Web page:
And our opponents are the party of the past.

Our opponents won a convincing victory at the last election.


But rather than seize the opportunity that history had given them and lay out the foundations for this country’s long term future, they squandered it.

Even worse than that, they didn’t just squander the opportunity - they abused the opportunity.

They have failed to focus on the investment in the future productive capacity of our nation.

No attempt to prepare the nation for the great challenge of climate change. Not one.

In fact, the entire history of this government is one of opportunities lost rather than opportunities seized.

Instead, having seized control of the Senate at the last election, rather than embrace the challenges of the future, they succumbed instead to the ideologies of the past.

Friends, our core argument to the Australian people is this:

• First, Mr Howard has abused the power he’s been given by the Australian people.

• He’s squandered the opportunity he’s been given to prepare Australia for its future.

• And instead he’s introduced his unfair industrial relations laws - laws which every reasonable Australians now recognise as having gone just too far;

• And our second argument is this, I intend to throw out Mr Howard’s industrial laws lock, stock and barrel -

• And I say this, I would do so without apology because these laws are unfair and because I believe this party and it’s movement can build long term prosperity for Australia without throwing the fair go out the back door - that is the Labor way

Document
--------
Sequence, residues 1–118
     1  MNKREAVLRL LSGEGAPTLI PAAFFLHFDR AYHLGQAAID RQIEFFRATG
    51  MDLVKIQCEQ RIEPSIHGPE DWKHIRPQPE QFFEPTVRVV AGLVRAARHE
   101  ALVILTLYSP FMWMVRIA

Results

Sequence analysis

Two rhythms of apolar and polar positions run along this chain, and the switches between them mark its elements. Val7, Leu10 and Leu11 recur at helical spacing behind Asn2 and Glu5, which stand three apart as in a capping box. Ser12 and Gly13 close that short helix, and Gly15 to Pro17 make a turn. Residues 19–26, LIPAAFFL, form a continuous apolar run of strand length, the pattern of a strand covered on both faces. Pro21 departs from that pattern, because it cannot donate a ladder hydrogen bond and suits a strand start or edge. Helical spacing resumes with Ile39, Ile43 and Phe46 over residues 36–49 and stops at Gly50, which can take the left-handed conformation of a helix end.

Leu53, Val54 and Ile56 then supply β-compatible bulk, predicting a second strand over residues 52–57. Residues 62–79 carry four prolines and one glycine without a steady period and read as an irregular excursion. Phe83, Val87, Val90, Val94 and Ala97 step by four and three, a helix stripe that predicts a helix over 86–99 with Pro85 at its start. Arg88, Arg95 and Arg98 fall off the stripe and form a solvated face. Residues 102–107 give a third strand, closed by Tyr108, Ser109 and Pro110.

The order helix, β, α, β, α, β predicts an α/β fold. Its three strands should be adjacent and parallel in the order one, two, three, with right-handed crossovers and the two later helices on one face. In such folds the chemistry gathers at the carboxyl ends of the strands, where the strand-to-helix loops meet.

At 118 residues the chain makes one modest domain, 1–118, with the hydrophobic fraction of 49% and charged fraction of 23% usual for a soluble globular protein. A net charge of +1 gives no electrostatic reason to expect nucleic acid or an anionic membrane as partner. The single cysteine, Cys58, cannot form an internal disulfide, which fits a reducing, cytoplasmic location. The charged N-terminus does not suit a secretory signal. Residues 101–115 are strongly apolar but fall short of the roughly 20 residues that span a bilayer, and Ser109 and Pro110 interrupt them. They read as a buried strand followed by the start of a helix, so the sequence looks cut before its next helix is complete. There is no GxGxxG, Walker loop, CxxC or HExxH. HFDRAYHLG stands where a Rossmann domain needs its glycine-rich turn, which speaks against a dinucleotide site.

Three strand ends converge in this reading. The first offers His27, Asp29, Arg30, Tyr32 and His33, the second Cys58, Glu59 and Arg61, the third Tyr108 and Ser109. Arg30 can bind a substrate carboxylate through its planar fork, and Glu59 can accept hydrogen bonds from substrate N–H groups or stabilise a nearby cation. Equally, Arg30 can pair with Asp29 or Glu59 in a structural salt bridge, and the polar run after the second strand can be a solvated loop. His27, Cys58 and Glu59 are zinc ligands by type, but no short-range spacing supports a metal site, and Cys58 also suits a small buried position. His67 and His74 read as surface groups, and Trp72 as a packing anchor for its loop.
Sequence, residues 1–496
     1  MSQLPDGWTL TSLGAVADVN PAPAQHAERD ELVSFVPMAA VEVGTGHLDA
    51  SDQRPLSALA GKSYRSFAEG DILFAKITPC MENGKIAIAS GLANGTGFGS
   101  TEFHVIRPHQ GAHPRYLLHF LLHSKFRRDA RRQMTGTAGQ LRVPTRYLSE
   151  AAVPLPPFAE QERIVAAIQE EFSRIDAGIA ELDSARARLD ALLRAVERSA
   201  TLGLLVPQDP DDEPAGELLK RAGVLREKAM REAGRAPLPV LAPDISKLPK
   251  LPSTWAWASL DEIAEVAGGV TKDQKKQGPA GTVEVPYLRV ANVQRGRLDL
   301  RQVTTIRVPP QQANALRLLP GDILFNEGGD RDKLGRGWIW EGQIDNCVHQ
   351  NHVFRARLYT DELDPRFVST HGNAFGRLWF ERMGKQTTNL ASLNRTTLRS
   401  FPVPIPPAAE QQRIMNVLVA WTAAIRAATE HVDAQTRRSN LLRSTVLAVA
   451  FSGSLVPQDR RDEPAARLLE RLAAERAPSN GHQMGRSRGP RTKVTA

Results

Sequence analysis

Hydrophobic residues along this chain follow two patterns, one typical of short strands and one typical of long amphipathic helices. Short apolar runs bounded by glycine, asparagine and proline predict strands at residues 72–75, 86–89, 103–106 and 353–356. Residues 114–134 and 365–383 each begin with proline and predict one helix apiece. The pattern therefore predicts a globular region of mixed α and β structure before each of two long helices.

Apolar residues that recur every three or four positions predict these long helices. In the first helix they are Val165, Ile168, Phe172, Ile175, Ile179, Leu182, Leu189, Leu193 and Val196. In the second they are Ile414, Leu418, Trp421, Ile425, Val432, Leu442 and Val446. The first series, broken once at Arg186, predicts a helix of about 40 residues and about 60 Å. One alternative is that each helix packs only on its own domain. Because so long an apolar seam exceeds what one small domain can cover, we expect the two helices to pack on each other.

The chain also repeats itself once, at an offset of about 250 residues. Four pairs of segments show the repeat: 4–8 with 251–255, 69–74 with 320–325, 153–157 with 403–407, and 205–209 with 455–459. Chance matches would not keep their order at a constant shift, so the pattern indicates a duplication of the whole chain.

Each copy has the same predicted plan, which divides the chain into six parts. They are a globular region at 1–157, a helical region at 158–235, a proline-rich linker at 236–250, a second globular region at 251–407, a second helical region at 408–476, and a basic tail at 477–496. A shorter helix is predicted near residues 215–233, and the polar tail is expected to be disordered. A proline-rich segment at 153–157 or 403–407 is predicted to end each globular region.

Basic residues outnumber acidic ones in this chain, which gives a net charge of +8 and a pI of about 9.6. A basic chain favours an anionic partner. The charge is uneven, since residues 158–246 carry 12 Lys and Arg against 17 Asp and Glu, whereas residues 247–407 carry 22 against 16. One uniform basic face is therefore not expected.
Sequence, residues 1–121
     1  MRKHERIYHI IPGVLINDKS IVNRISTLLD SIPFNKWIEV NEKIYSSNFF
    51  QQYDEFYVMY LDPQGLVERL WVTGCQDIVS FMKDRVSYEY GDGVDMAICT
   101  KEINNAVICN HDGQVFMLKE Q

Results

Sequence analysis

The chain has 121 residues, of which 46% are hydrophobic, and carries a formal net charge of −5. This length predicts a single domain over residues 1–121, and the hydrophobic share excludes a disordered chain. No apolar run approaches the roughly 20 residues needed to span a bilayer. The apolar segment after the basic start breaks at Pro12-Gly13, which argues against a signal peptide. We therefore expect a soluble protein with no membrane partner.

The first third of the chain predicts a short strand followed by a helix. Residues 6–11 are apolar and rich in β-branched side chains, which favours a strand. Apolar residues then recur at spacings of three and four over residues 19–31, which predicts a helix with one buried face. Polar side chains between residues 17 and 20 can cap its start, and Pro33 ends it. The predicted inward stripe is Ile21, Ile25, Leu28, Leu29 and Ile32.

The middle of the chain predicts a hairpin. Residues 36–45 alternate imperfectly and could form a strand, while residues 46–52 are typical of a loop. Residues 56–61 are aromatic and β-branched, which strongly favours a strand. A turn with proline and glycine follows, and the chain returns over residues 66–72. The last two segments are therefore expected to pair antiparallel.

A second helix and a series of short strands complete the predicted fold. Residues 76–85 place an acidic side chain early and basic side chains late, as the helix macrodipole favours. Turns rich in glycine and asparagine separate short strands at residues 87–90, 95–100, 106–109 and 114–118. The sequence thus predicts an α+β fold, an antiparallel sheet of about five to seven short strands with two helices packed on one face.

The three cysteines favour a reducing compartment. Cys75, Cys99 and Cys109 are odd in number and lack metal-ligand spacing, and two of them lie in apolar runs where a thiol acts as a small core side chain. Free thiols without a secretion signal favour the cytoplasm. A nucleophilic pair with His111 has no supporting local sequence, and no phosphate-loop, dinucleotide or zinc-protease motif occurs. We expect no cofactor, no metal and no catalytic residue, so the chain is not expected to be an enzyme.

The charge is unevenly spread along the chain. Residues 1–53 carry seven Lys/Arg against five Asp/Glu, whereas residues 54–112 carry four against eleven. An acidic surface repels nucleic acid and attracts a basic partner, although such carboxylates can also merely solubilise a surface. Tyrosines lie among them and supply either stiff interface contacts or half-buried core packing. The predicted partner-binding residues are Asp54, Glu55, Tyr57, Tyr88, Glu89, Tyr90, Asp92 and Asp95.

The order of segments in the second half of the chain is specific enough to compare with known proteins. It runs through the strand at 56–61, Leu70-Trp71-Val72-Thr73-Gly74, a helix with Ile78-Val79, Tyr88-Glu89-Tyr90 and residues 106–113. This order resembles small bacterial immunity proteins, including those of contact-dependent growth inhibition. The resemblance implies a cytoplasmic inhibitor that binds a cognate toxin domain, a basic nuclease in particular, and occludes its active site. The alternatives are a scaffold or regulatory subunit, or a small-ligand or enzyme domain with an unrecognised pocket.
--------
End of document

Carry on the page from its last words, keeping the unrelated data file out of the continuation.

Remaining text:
• Third, having restored these fundamentals, our intention is to face with confidence, with determination, with fresh ideas the great challenges facing our nation’s future.

Building long term prosperity once the mining boom is over.

Investing in an Education Revolution.

Acting on climate change and water.

And ending the blame game between Canberra and the States.

That, friends, is our argument to the Australian people.

And that friends is the argument, I believe in which we will prevail.

Labor Values

In rising to the challenges of the future, as a party, and as a movement, we are shaped so much by the values of our past.

Labor values are good values.

Labor values are Australian values.

They are values which build up rather than tear down.

They are values which unite rather than divide.

They are values which embrace our need to look after ourselves and our families.

Just as they are values which embrace our parallel responsibility to look after one another, to look after our community, to look after our country, to look after our planet.

This is what Ben Chifley meant 57 years ago when he talked of Labor and the “light on the hill”. His vision then, our vision now, our vision for the future.

Labor believes in the values of security, liberty and opportunity - for all not just for some.


Security for the nation and security for the working families that make up the nation, have been the cornerstone of our party and our movement from the start.

We fought for liberty in the great strikes of 1891- the shearers of Western Queensland, the maritime workers of the ports of Melbourne - so that all might be free, not just some.

We are the party of opportunity - again opportunity for all not just for some - a party which believes in its heart, a party which believes in its mind that every child should be given every opportunity in life, irrespective of where they’ve grown up and what income their parents might have. That is the Labor way.

Equally we are a party of equity, a party of solidarity and a party which embraces sustainability.

On equity, we believe that every Australian should have access to a first class health system when they need it, rather than a second class system for those without means.

We believe in solidarity of a social safety net for all Australians.